Synaesthesia Part Two: The music in colour

Composition VIII, Kandinsky

Music has been for some centuries the art which has devoted itself not to the reproduction of natural phenomenon, but rather to the expression of the artist’s soul, in musical sound.” Kandinsky, Concerning the Spiritual in Art

Wassily Kandinsky is considered one of the greatest art philosophers of the XXth century, as he was the first man to produce a theory about abstract art. He was able to do so because he had synaesthesia. For him, sound and colour were intimately related and by representing different forms in a certain way, one could create rhythm. For him, this was not merely to provide an entertainment; both colour and form were meant to create spiritual harmony: pleasure not only for the eyes who look but also for the soul who feels.


Take a look at Composition VI and really consider it with an open mind. What does the explosion of colour that is drawn towards the centre makes you feel? Do you see the violent tension that the use of black lines creates?

Not everyone can see and feel what Kandinsky intended since one must educate the senses and learn to awake feelings through aesthetic experiences. But also, because being synesthetic helps, Kandinsky called this being a “more sensitive soul”. When contemplating a painting, there are two steps: first, the physical impressions; second, the psychic effect: “(Colours) produce a corresponding spiritual vibration, and it is only as a step towards this spiritual vibration that the elementary physical impression is of important.” Kandinsky, Concerning the Spiritual in Art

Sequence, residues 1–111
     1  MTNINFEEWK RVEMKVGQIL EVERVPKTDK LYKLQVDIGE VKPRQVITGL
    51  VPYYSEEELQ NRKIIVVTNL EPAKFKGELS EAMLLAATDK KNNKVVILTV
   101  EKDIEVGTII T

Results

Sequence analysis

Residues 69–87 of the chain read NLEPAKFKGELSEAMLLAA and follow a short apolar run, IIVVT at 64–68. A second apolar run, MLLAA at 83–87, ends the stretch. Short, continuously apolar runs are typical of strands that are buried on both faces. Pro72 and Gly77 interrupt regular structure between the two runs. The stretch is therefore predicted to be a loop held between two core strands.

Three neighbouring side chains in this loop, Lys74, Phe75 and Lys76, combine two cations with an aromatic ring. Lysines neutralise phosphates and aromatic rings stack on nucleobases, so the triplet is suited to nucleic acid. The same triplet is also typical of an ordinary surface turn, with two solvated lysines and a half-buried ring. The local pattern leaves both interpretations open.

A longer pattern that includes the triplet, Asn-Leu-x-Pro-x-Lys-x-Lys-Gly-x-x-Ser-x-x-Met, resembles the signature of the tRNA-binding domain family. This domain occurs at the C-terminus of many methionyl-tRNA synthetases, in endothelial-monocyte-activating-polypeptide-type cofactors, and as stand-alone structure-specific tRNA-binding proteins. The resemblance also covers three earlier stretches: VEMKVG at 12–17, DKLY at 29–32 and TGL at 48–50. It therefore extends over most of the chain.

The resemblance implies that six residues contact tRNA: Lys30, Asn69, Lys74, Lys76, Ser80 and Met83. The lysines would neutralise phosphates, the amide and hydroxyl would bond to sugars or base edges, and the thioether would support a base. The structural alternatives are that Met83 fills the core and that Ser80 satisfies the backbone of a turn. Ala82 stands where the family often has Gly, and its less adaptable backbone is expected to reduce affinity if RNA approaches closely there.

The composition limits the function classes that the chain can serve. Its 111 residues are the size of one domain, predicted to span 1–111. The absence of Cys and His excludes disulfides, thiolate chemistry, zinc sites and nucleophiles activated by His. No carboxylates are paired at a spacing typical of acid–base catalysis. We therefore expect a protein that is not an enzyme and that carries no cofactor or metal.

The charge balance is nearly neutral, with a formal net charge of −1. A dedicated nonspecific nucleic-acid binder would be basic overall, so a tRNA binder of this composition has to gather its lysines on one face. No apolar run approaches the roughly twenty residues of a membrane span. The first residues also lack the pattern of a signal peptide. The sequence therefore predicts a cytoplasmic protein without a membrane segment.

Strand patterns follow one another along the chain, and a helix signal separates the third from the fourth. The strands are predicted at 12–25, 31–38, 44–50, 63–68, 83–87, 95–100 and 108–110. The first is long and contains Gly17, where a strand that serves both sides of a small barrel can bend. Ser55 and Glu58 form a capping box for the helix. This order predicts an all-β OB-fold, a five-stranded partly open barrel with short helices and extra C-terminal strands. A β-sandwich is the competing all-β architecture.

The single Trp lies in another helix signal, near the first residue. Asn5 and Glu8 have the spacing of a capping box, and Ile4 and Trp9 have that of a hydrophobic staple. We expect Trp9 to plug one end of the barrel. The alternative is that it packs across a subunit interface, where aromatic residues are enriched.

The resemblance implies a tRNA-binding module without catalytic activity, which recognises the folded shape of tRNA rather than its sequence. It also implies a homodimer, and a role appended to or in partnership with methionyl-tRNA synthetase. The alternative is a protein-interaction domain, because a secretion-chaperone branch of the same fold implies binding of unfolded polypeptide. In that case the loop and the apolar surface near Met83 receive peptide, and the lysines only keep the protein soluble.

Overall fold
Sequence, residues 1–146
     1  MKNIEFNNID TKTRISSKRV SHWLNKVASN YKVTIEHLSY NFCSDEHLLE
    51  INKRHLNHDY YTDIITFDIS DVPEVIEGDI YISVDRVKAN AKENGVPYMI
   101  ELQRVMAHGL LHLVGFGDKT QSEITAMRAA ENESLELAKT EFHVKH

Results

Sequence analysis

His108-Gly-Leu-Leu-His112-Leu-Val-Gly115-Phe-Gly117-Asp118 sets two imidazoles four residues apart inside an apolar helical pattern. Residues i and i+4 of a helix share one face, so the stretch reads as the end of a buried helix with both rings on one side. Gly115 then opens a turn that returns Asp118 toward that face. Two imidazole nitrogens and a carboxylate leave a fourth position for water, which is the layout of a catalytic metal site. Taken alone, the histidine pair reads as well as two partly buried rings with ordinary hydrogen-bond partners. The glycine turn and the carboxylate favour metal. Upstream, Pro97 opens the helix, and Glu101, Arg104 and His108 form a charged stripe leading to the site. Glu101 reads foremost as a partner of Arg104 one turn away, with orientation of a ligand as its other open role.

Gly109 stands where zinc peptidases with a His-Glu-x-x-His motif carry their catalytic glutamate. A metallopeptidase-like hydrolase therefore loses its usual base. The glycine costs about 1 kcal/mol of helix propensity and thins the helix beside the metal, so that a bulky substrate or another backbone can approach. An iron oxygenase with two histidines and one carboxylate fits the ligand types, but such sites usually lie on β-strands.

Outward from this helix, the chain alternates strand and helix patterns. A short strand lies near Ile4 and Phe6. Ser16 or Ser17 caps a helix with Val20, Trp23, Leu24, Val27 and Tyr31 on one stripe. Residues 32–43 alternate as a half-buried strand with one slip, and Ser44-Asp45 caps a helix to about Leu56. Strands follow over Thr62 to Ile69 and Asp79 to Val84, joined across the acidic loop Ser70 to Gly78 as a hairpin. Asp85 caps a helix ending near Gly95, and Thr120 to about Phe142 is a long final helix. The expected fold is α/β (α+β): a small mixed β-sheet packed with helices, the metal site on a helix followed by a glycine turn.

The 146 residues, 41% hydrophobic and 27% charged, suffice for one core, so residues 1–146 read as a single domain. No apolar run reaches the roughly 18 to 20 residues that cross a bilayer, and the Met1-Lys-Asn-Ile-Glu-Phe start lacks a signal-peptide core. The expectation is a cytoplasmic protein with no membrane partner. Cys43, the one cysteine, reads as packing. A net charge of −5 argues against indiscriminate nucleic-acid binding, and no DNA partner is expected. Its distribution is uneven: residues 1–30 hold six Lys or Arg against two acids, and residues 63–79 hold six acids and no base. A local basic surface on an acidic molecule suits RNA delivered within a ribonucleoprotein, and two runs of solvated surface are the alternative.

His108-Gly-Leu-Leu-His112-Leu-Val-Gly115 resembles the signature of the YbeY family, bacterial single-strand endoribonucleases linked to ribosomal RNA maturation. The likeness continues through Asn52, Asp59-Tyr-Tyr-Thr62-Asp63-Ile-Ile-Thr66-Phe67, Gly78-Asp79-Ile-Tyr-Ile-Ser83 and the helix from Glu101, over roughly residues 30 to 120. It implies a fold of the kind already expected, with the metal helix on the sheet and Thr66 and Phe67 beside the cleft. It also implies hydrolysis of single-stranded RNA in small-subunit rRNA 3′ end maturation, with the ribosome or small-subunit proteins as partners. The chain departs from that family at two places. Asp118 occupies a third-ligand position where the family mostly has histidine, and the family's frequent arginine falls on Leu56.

Kandinsky’s search for spiritual harmony through painting is an important stepping-stone for abstract art, as he was more interested in representing feelings rather than imitating nature. He studied the effects of colour on men, for example the aggressiveness of yellow and the spiritual in blue. He also experimented with lines, as they are the ones that give colour its shape and together they create meaning, a harmonic meaning for the spirit.

Next time you encounter an abstract painting: make your soul listen to its music.



KANDINSKY, Wassily. Concerning the Spiritual in art. Boston: MFA Publications, 2006. Originally published in 1911.

KANDINSKY, Wassily. Point and Line to Plane. Mansfield: Martino Publishing, 2013. Originally published in 1926.


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